Oil and gas producers in Texas are contributing to a positive long-term trend Texas as the rate of flaring in the state continues to fall.
As seen in the chart below, the most recent Railroad Commission production data shows that the percentage of natural gas flared compared to the natural gas produced from oil and gas wells in Texas dropped from a high of 2.29% in June 2019 to 0.65% in May 2021. During the same period, the volume of gas flared decreased by approximately 73%.
The average percentage of natural gas flared has remained below 2% statewide since October 2019, making Texas one of the lowest in flaring rates among all large producing states in the nation.
This means the vast majority of natural gas is being captured and used for beneficial purposes, which is a much-needed fuel for an electric generation; a basis for alternative fuels, LNG, CNG, and LPG; and used in a wide variety of products, such as plastics, synthetic fibers for advanced clothing, paints, fertilizers, medicines, antifreeze, and more.
“The facts are clear. Texas is seeing significantly reduced flaring rates as a result of improved technologies, infrastructure and regulatory processes,” said RRC Chairman Christi Craddick. “Through hard work and collaboration, Texans are better off with more natural gas available for beneficial use. I am grateful for the efforts of Railroad Commission staff and the commitment from operators to reduce flaring rates and look forward to continued progress.”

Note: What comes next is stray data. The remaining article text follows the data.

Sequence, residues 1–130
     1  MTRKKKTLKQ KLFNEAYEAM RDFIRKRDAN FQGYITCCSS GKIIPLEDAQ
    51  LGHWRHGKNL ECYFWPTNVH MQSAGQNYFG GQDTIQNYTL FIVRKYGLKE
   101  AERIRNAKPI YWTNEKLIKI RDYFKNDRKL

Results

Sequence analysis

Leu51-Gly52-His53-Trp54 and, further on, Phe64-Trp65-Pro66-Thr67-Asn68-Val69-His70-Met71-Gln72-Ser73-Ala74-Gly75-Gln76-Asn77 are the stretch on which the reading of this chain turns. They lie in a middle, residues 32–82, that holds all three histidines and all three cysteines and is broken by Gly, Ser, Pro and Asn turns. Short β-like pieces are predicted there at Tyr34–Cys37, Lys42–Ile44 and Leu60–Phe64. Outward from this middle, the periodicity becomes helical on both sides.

“A clean environment and a thriving oil and gas industry are not mutually exclusive,” said Commissioner Wayne Christian. “Technological innovation has allowed operators to reduce waste, without impacting the tremendous impact oil and gas production has on our economy, state budget and our goal of energy independence.”
“The numbers released today are particularly notable given Texas’ outsized contributions to our nation’s energy needs,” said Commissioner Jim Wright. “According to EIA in 2020, Texas produced one-fourth of the nation’s natural gas, and annual production reached a high of more than 10 trillion cubic feet for the second year in a row. These trendlines reaffirm our commitment to utilizing our natural resources safely and efficiently.”
Since spring 2020, RRC has been working to improve its processes to reduce flaring in the state. Actions that the agency’s commissioners have taken, following periods of public input, include:
- On Nov. 4, approved a revamped Form R-32, Application for Exception to Statewide Rule 32, which provides specific guidance on when an exception to flare would be permissible, under which circumstances, and for how long. The new procedures with the form generally tighten up periods for administrative exceptions to flare gas, provides incentives for operators to use technologies that reduce flaring, require operators to provide specific justification for their need for an exception to flare, and provides additional data points to facilitate compliance audits.
- On Feb. 23, approved a revised Form PR, Monthly Production Report, which is being phased in and will be in full effect on Jan. 1. The revised form requires operators to report the amount of gas flared and the amount of gas vented as separate values on the monthly report instead of as a single value for an entire lease, putting RRC in better position to track compliance and correct potential violations.
In addition to the actions by commissioners, RRC launched an online system for requesting exceptions to Rule 32, resulting in better data collection and analysis.
Operators also have a right to request a hearing for requests for an exception to flare, which are ultimately decided upon by commissioners. For those cases, Hearings Division staff have more critically examined long-term hearing requests and have limited the outcomes of these requests.